A new John Deere tractor waits for a buyer at a dealer in Longmont
A new John Deere tractor waits for a buyer at a dealer in Longmont, Colorado August 18, 2010. REUTERS

Deere & Co., the world's largest maker of farm tractors and combines, reported a 3.7 percent fiscal first-quarter earnings increase that topped analysts' estimates, as U.S. farmers flush with cash update aging fleets.

Deere (NYSE:DE) said net income in the quarter ended Jan. 31 was $532.9 million, or $1.30 a share, up from $513.7 million, or $1.20 a share, a year earlier. That blew past the average $1.23-a-share profit estimate of analysts surveyed by Thomson Reuters. Revenue climbed 11 percent to $6.77 billion.

Deere's equipment operations reported operating profit of $698 million for the quarter, compared with $646 million a year ago.

Equipment sales grew 11 percent to $6.12 billion with a boost from higher prices. Sales were up five percent in the U.S. and Canada, and increased 21 percent elsewhere.

For fiscal 2012, Deere slightly raised its projection for overall profit to $3.28 billion, up from $3.2 billion forecast in November. This will be the first time for the Moline., Ill., company to break the $3 billion mark.

Deere also affirmed its equipment-sales growth view. The company said it expects to record five percent to 10 percent agricultural equipment growth in North America in fiscal 2012.

The overall farm business is still robust and growing, said Lawrence DeMaria, an analyst with William Blair. Deere is a primary global player and is benefiting the most.

Robust Farm Business

Deere holds a nearly 50 percent share of the North American farm equipment market, a market that has been incredibly strong the past few years as farmers have used high commodity prices and income to replace their fleets.

Farmers have significant capital to invest in machinery to replace their fleets, which is what they continue to do on a more accelerated basis than they have in the past, especially in North America, DeMaria said. Some professional farmers have actually become accustomed to replacing every one to three years, from three to five.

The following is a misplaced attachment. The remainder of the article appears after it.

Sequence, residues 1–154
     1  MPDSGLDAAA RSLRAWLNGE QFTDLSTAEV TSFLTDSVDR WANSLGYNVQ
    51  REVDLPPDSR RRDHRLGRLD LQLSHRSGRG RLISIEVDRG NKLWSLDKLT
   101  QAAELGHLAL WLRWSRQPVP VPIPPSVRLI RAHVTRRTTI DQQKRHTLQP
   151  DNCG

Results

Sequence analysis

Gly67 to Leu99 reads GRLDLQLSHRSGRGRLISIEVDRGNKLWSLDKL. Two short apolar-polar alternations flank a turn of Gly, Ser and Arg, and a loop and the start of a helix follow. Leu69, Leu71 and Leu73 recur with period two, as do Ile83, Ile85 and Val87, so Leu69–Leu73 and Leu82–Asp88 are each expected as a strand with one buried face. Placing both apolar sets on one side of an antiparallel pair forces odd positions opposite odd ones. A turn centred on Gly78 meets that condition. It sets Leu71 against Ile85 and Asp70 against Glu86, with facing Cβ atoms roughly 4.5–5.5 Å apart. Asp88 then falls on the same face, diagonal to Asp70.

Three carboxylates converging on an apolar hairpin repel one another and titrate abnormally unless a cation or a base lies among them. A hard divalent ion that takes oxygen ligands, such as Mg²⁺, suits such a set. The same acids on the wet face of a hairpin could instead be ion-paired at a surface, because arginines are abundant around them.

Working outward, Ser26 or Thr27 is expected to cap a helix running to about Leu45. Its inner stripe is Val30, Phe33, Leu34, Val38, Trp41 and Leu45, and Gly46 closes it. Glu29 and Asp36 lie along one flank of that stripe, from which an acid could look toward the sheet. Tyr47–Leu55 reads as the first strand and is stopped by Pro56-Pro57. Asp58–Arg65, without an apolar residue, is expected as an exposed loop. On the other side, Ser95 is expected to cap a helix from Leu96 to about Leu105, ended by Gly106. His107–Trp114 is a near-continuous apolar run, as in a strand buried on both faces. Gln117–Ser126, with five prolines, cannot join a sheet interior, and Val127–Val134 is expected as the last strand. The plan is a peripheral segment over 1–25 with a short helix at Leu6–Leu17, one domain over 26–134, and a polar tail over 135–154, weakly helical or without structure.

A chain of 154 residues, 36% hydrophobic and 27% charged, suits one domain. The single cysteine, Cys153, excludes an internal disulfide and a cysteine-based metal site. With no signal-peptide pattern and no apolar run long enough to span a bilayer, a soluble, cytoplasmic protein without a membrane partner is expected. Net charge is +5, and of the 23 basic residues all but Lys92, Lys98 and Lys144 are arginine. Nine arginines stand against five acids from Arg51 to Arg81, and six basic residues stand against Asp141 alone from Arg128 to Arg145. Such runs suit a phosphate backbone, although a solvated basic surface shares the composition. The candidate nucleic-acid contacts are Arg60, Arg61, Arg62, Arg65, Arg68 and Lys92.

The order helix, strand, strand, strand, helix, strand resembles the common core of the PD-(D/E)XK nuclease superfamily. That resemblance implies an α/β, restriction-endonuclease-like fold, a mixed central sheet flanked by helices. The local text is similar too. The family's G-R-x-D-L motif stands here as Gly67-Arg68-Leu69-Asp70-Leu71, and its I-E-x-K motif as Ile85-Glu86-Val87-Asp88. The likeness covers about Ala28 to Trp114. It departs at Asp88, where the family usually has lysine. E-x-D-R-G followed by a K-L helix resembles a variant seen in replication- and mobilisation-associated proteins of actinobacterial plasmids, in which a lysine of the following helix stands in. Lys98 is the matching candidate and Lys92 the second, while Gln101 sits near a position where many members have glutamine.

According to Deere, U.S. farming is approaching a peak level and commodities prices are expected to hold at elevated levels creating less volatility in demand.

U.S. cash receipts, a predictor of machinery demand, are at an all-time high. And farmer balance sheets and debt levels are also in excellent shape and credit quality is stellar.

Crop prices, some of which reached the highest averages ever in 2011, sent net farm income up 28 percent to $100.9 billion, the U.S. Department of Agriculture estimates. That's the highest value recorded since 1974.

Crop receipts are expected to rise more than 16 percent in 2011, led by sales of corn, soybeans and wheat. Livestock receipts are expected to increase by 17 percent, with the receipt forecasts for cattle, dairy and hogs reaching nominal highs.

Although we expect crop prices to be somewhat below the record levels of the past year, we still think they will remain high enough to drive major levels of farm cash receipts and ongoing strong demand for farm equipment, Standard & Poor's equity analyst Michael Jaffe wrote in a Jan. 28 note.

Brazil Plants

Deere's dealer locations in Brazil roughly doubled since 2007 and the company picked up four percentage points of tractor market share in fiscal 2011.

They picked up a lot of shares in South America recently from market leader AGCO, said Adam Fleck, a Morningstar Inc. analyst.

Brazilian dealers are viewed as No. 2 in strength, just behind the U.S. dealers.

Deere's success in Brazil in terms of gaining market share is its broadened product line, which includes 21 products versus four historically. Deere can gain share without sacrificing margins, Credit Suisse analyst Jamie Cook, wrote in a Jan. 24 research note.

They are doing very, very well in Brazil and their production capacity is fully up and running for a broader array of products, DeMaria said. For the first time, they are actually attacking the whole market instead of certain niches within the market.

Deere will also open up two factories in Brazil in 2013 to manufacture construction equipment.

Stock Performance

Deere's stock -- like shares of Deere rivals CNH Global NV (NYSE:CNH) and AGCO Corp. (NYSE:AGCO) -- has enjoyed a double-digit increase in 2012.

Year to date, shares of CNH Global NV (NYSE:CNH) have traded 20 percent higher, while shares of AGCO Corp. (NYSE:AGCO) have gained 22 percent.

Shares of Deere & Company (NYSE:DE) closed down 5.36 percent, or $4.77, to $84.28 in Wednesday's trading. Deere's other competitors include Caterpillar Inc. (NYSE:CAT), Astec Industries Inc. (NYSE:ASTE), Arts-Way Manufacturing Co. Inc. (NASDAQ:ARTW) and Lindsay Corp. (NYSE:LNN).